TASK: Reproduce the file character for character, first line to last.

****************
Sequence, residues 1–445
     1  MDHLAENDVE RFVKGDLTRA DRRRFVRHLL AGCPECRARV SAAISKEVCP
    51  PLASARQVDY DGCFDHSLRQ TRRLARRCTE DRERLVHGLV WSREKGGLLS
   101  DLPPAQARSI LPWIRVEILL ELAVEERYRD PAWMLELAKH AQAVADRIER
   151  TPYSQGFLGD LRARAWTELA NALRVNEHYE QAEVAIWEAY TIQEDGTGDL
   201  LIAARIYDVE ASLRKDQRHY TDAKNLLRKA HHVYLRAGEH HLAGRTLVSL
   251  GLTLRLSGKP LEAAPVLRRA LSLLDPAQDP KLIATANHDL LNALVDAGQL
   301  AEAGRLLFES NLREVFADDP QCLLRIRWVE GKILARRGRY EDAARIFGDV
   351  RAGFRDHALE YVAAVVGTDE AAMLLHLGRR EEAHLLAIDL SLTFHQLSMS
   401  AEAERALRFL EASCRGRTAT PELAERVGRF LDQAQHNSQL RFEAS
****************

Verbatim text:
Sequence, residues 1–445
     1  MDHLAENDVE RFVKGDLTRA DRRRFVRHLL AGCPECRARV SAAISKEVCP
    51  PLASARQVDY DGCFDHSLRQ TRRLARRCTE DRERLVHGLV WSREKGGLLS
   101  DLPPAQARSI LPWIRVEILL ELAVEERYRD PAWMLELAKH AQAVADRIER
   151  TPYSQGFLGD LRARAWTELA NALRVNEHYE QAEVAIWEAY TIQEDGTGDL
   201  LIAARIYDVE ASLRKDQRHY TDAKNLLRKA HHVYLRAGEH HLAGRTLVSL
   251  GLTLRLSGKP LEAAPVLRRA LSLLDPAQDP KLIATANHDL LNALVDAGQL
   301  AEAGRLLFES NLREVFADDP QCLLRIRWVE GKILARRGRY EDAARIFGDV
   351  RAGFRDHALE YVAAVVGTDE AAMLLHLGRR EEAHLLAIDL SLTFHQLSMS
   401  AEAERALRFL EASCRGRTAT PELAERVGRF LDQAQHNSQL RFEAS